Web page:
Chem 162-2011 Lecture 18, 17.5-17.6

Chem 162-2011 Lecture 18, 17.5-17.6 - CHEMISTRY 162-2011...

Info iconThis preview shows pages 1–5. Sign up to view the full content.

View Full Document Right Arrow Icon

Info iconThis preview has intentionally blurred sections. Sign up to view the full version.

View Full DocumentRight Arrow Icon

Info iconThis preview has intentionally blurred sections. Sign up to view the full version.

View Full DocumentRight Arrow Icon
This is the end of the preview. Sign up to access the rest of the document.

Unformatted text preview: CHEMISTRY 162-2011 LECTURE 18 Ed Tavss, PhD ANNOUNCEMENTS E-MAIL ATTENDANCE Sign in EXAMS RECITATION QUIZ Friday: H&P: 20.7-20.9; 17.1-17.3 (My lectures 16 & 17) MISCELLANEOUS You are invited to attend our Spring open advising sessions for chemistry majors and minors. Non-majors with questions pertaining to chemistry courses are also welcome. These sessions will be held in Doolittle 108 (Busch) on weekdays April 1 through April 12, from 4 pm until 5:30 pm. This schedule covers the Spring registration days for Fall 2011 classes. John Taylor, Vice Chair of the Undergraduate Program in Chemistry Chem 162-2011 Lecture 1 PLAN FOR TODAY CHAPTER 17 - SPONTANEITY, ENTROPY AND FREE ENERGY 17.5 Standard free energy change, G o 17.6 Free energy change and equilibrium If there is time at the end Ill review optical isomers. I believe that optical isomers is the most difficult part of Coordination Compound isomers. Chem 162-2011 Lecture 2 CHAPTER 16- SPONTANEITY, ENTROPY AND FREE ENERGY First law of thermodynamics: Energy can neither be created nor destroyed. Second law of thermodynamics: The entropy of the universe always increases in a spontaneous process. Third law of thermodynamics: The entropy of a perfectly ordered crystalline substance at 0 K is zero. Entropy describes the number of arrangements (positions and/or energy levels) available to a system. Entropy is (officially called chaos, disorder, randomness) positional freedom, or positional availability, or disorder, or being unconfined positionally or escape from positional confinement or freedom from positional confinement G o = n p G o f(products)- n r G o f(reactants) H o = n p H o f(products)- n r H o f(reactants) S o system = n p S o products- n r S o reactants S system = n p S products- n r S reactants (used for S system anytime ) S system = H system /T (used for S system only when at equilibrium) S surr = H surr /T = -H system /T (used for S surr anytime) S univ = S sys + S surr Four ways to find G o : (1) G o = H o- TS o (or G = H - TS) At equilibrium G = 0 0 = (H - TS) S system = H system /T Troutons rule: At normal B.P., S vaprization 87J mol-1 K-1 (2) G o = n p G o f(products)- n r G o f(reactants) (3) G T o = G 1 o + G 2 o (i.e., Coupling Reactions [i.e., Hesss law]) (4) G o = -RT ln(K) G = G o + RT ln(Q) (Q can be any pressure or concentration) w max = G ln(K 2 /K 1 ) = (H o /R)((1/T 1 ) (1/T 2 )) Chem 162-2011 Lecture 3 Concepts: Reaction: A + 2B 3C + D G = H - TS Spontaneous process: a reaction that goes forward without any outside intervention; a reaction that goes to the right....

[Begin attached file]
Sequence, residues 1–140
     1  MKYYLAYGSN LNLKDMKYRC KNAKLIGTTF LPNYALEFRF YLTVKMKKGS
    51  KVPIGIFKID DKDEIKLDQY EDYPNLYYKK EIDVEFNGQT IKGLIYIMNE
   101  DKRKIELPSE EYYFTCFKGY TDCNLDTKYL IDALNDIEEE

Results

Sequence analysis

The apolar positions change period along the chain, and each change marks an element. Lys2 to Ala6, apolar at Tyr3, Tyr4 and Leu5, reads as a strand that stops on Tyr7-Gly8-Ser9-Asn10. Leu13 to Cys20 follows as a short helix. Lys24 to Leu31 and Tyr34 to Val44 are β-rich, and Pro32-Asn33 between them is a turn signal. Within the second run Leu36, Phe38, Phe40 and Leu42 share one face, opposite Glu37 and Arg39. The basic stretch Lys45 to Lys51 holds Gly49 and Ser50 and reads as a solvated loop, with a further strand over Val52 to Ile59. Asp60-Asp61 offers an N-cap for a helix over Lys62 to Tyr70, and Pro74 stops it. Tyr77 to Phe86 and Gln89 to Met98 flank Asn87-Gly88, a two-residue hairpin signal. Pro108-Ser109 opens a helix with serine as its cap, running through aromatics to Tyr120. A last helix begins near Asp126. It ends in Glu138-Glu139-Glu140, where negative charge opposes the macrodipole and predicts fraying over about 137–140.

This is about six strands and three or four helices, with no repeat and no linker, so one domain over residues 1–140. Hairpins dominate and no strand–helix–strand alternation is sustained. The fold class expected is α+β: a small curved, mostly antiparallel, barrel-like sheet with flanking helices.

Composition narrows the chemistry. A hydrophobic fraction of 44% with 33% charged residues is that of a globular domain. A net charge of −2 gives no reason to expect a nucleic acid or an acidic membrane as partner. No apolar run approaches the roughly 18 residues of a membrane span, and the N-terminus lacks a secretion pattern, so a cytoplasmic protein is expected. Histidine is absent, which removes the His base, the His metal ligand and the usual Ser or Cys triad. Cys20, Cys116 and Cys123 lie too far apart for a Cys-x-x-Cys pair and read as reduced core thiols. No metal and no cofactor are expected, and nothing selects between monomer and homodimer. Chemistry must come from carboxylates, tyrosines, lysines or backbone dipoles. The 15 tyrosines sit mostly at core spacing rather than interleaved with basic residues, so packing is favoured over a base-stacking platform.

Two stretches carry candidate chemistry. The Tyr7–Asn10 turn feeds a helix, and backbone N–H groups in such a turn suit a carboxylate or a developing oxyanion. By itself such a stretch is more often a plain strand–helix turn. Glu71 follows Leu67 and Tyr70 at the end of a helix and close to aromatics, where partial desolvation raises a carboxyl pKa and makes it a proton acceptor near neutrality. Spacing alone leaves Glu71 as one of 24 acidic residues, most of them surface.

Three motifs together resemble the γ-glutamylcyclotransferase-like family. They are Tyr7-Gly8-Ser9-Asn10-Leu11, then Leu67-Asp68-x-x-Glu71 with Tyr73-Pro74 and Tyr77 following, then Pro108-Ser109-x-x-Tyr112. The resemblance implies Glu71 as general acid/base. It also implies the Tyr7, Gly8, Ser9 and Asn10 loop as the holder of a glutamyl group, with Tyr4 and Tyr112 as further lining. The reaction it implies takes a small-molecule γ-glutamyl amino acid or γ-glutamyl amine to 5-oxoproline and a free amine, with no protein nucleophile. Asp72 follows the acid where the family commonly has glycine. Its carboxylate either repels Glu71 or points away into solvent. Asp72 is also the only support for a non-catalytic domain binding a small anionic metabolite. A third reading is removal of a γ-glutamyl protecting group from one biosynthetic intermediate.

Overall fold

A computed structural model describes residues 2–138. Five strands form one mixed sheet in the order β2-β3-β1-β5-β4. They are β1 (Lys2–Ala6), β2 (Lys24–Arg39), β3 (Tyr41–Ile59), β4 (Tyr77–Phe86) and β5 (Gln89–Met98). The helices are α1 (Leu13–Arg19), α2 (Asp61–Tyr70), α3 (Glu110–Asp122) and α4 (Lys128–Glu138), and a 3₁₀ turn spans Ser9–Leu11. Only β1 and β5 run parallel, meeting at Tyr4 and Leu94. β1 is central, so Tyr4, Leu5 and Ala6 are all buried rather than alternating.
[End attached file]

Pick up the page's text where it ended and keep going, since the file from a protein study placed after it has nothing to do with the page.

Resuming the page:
View Full Document

This document was uploaded on 11/02/2011 for the course GEN CHEM 162 at Rutgers.

Page1 / 16

Chem 162-2011 Lecture 18, 17.5-17.6 - CHEMISTRY 162-2011...

This preview shows document pages 1 - 5. Sign up to view the full document.

View Full Document Right Arrow Icon
Ask a homework question - tutors are online